Intel i7-4790S ($336, but kinda overkill)
Asus H97M-E/CSM ($130)
16 GB of RAM
Nvidia GeForce 660 Ti (pretty old)
Slow hard drives

I think the pcpartpicker build would work just as well as my setup if you added a bunch more RAM.

One thing of note -- this video card struggles to run the 4k Acer display at full graphic detail settings in the titles I tried. I'll detail this more in future segments. The Acer Predator X34 is a stunning and amazing monitor, but it has a LOT of pixels to drive. A more inexpensive option that still provides a ton of screen real estate is a 40" LCD TV from somewhere like Costco for $289. Sure, it's not an ultra-wide. It can be 4k. If your goal is to escape reality, then by all means get the Predator X34 and a GeForce 1080 GTX (total street price of $1700). But if the shadows that the birds in the trees around the track cast are not so important to you, you can spend a ton less but still have a very good experience.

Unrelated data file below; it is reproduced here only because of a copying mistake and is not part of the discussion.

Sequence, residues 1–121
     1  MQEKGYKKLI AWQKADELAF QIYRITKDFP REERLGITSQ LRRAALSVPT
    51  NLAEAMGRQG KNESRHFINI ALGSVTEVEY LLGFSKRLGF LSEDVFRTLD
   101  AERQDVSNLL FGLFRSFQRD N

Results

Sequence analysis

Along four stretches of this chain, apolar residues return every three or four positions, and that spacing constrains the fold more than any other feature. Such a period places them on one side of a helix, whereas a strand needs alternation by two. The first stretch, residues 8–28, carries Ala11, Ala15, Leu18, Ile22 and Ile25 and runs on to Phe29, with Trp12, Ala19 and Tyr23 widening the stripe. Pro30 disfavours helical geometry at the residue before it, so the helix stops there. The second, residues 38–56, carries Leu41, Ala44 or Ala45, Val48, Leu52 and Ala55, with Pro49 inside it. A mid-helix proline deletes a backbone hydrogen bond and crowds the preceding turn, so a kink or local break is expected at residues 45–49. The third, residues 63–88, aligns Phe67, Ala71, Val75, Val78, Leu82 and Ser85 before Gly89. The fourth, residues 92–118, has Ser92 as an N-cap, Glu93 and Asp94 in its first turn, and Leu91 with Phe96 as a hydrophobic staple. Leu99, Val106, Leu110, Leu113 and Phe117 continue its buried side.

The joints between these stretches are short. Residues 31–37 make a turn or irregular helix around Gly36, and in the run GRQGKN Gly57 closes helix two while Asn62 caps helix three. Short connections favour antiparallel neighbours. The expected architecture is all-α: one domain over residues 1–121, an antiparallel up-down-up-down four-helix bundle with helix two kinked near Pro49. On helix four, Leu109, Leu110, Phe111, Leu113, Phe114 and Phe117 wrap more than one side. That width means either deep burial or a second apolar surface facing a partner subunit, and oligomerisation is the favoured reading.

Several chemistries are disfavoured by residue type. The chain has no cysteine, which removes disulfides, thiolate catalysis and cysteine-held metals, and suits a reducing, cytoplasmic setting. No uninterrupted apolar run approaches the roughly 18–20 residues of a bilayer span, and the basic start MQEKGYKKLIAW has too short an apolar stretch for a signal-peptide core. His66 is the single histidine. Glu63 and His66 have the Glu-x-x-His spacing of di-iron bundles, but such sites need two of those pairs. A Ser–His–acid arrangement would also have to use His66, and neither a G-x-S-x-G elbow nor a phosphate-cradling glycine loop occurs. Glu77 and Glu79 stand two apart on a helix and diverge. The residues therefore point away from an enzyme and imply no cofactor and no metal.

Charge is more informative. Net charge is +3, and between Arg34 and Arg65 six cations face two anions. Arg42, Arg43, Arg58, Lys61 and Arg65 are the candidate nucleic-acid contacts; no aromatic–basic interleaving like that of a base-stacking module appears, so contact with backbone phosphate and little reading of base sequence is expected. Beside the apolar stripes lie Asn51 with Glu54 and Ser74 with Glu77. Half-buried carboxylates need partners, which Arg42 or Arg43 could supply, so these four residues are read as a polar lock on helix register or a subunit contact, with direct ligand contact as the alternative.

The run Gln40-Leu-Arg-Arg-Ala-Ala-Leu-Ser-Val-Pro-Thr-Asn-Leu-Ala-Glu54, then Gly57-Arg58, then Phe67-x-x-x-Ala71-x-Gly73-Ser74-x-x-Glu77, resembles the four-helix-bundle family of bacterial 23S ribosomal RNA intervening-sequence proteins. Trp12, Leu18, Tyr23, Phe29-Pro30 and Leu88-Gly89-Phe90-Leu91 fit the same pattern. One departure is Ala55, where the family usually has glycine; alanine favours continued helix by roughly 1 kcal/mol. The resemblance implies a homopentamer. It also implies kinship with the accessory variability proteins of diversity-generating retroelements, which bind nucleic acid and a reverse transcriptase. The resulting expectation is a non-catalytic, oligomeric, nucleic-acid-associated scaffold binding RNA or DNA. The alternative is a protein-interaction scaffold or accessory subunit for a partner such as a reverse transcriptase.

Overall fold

One final note -- let's say that you do spend $5000 on a racing simulator. You can run that simulator EVERY NIGHT for essentially zero incremental cost. If you have to spend $500 total for a day at the track (conservative estimate for a low-end car), it wouldn't take you long in simulator hours to recoup that $5000.

In the approximately six weeks of late December and January alone I essentially competed in a dozen events and had hours and hours and hours of track time for just the cost of electricity (and my wife's sanity, sort of).
engineered
engineeredlink
Monday, February 20, 2017 7:53 PM
Nice build. Been looking for setup to replace my ghetto rig. Why did you go for one very nice screen instead of the triple monitor setup? Video card limitations?
engineered
engineeredlink
Monday, February 20, 2017 7:53 PM
subbing
Matt
Mattlink
Monday, February 20, 2017 8:15 PM